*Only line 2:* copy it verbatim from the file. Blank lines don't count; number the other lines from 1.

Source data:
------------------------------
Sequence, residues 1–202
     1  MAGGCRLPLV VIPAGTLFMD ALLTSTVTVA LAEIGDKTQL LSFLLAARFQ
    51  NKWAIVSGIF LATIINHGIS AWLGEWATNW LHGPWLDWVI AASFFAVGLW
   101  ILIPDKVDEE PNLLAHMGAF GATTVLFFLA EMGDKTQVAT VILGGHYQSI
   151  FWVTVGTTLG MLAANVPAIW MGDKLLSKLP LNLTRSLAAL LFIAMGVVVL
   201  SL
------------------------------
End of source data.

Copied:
     1  MAGGCRLPLV VIPAGTLFMD ALLTSTVTVA LAEIGDKTQL LSFLLAARFQ